Road 1: I can learn from you and make things better
Road 2: You’re an important customer and I can bring empathy and care to this moment to strengthen our relationship
Road 3: I can teach you something and make things better
Road 4: Go away
If you call a company and they tell you that they’re not actually in contact with management. That all they can do is refer you to the front desk. They’re not there to learn anything from you. If you call a company that puts you on hold for a long time, you’re on road 4. The organization has decided that you are a cost, not an asset.
Road 1 customer service is pretty rare. It tends to happen with very small organizations, and that’s one reason why companies appear callous and stuck when they get bigger.
They don’t want to spend the resources to expose their decision-makers and creators to the people who actually use the product or service, so they build a moat around them. All they seek to learn is, “how cheap can we mollify customers?”
Road 2 and Road 3 can overlap. It’s entirely possible that the customer is upset or confused because they need insight or an explanation. By teaching them how to navigate their situation, you can improve satisfaction at the same time you rebuild a relationship.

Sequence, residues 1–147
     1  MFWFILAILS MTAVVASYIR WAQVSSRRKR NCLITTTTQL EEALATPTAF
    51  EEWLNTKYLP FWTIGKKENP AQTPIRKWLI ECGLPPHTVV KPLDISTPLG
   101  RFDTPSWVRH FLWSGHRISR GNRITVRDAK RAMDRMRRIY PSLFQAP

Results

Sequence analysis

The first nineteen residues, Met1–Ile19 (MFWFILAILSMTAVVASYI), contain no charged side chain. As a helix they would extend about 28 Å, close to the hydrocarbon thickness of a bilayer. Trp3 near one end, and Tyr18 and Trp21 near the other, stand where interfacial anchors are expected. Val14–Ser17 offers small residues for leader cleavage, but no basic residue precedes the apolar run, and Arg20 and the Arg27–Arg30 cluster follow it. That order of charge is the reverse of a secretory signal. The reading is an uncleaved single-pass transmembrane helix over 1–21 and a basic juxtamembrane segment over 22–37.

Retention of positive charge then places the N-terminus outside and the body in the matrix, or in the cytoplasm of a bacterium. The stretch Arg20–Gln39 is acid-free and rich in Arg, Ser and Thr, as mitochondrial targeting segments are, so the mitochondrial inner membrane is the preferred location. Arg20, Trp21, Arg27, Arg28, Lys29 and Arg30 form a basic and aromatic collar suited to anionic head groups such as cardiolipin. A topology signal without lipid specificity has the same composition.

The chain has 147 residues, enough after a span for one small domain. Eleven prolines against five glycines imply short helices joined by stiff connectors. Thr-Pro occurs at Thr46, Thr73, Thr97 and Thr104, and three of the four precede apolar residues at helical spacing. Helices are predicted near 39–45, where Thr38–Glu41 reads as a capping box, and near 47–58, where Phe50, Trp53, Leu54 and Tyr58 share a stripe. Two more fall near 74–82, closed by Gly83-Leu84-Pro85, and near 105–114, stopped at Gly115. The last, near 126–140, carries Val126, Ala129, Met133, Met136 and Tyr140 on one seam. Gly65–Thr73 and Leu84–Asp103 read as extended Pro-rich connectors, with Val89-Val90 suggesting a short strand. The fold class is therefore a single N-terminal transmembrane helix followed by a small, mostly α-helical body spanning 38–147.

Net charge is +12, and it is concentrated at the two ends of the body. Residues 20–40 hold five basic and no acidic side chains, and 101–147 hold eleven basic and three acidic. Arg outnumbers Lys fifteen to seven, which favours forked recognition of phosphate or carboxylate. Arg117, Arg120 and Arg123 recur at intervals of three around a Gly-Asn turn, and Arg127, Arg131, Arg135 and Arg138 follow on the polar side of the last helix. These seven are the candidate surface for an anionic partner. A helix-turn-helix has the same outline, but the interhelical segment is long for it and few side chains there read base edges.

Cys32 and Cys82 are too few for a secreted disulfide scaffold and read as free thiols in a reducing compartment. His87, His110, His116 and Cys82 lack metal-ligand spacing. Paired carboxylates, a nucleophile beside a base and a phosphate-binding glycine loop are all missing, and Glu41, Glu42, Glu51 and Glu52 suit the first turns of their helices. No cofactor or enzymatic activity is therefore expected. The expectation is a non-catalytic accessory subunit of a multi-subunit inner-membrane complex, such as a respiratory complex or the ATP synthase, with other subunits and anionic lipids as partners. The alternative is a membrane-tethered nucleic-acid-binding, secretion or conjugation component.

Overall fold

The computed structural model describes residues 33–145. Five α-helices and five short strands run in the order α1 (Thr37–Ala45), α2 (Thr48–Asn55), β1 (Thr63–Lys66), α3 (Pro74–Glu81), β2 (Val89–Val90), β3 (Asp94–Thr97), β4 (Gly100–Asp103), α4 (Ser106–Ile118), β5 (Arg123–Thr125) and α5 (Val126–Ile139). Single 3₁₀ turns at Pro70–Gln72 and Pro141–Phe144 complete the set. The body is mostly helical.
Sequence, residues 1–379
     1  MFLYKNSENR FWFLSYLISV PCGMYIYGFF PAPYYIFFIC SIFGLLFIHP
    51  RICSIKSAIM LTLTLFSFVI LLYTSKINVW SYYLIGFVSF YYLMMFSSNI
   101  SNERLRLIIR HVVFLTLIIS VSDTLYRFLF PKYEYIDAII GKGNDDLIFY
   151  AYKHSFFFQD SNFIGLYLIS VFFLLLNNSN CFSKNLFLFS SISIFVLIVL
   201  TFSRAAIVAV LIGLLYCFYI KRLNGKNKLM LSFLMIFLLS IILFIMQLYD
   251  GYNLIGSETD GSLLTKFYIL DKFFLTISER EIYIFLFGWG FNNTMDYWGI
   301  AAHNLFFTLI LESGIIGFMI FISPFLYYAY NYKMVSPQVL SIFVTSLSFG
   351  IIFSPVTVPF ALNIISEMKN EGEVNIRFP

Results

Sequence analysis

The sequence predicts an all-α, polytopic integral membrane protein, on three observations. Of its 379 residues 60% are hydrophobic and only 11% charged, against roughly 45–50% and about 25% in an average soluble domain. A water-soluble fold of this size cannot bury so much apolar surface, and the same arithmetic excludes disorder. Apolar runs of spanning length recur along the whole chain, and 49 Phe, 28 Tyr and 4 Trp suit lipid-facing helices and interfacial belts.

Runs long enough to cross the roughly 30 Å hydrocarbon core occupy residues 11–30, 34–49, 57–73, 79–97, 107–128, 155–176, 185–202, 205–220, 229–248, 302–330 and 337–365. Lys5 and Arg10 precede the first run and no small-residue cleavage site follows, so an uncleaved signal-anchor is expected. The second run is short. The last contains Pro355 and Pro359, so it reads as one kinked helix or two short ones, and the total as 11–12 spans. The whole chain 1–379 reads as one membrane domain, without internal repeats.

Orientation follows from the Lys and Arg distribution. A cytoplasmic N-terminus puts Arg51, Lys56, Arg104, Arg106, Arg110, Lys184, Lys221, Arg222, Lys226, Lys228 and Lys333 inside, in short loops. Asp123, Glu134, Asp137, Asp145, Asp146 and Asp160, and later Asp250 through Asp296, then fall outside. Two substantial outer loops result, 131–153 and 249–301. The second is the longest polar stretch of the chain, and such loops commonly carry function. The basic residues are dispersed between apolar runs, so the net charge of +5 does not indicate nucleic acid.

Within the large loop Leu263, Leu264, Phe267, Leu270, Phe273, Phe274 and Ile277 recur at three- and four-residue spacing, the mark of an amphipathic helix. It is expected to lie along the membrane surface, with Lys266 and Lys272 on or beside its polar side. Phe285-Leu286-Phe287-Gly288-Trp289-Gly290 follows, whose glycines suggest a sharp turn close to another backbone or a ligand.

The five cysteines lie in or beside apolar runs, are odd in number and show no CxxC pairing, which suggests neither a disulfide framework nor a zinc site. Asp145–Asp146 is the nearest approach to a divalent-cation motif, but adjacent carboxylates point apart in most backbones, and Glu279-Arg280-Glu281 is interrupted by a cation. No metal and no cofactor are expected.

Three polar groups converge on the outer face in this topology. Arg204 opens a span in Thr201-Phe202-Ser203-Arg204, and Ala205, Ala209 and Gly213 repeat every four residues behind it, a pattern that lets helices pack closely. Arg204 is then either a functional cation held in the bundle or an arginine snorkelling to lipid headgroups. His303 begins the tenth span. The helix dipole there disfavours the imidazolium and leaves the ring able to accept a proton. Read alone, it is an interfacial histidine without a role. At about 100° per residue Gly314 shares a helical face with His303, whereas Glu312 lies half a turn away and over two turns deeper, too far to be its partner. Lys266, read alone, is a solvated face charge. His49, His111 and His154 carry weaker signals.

Road 3 is often best done with the internet, with a manual, with a video. It’s a chance for the customer (who’s enrolled in getting their problem solved) to interact with a well-designed system that can teach them how to solve it. This can fall apart when the customer doesn’t actually want to learn, or worse, when the organization does a mediocre job of education.
Most customers don’t actually expect miracles, but they certainly expect more than Road 4.
Road 4 Go away. If they had guts, they’d just say so. If they had talent. They don’t want customers to stress them with any complaint or issue.
If you engage with customers, as a freelancer or as a public company, pick your road. Be clear about what it’s worth and what it costs. And then do that.
Credit : Seth godin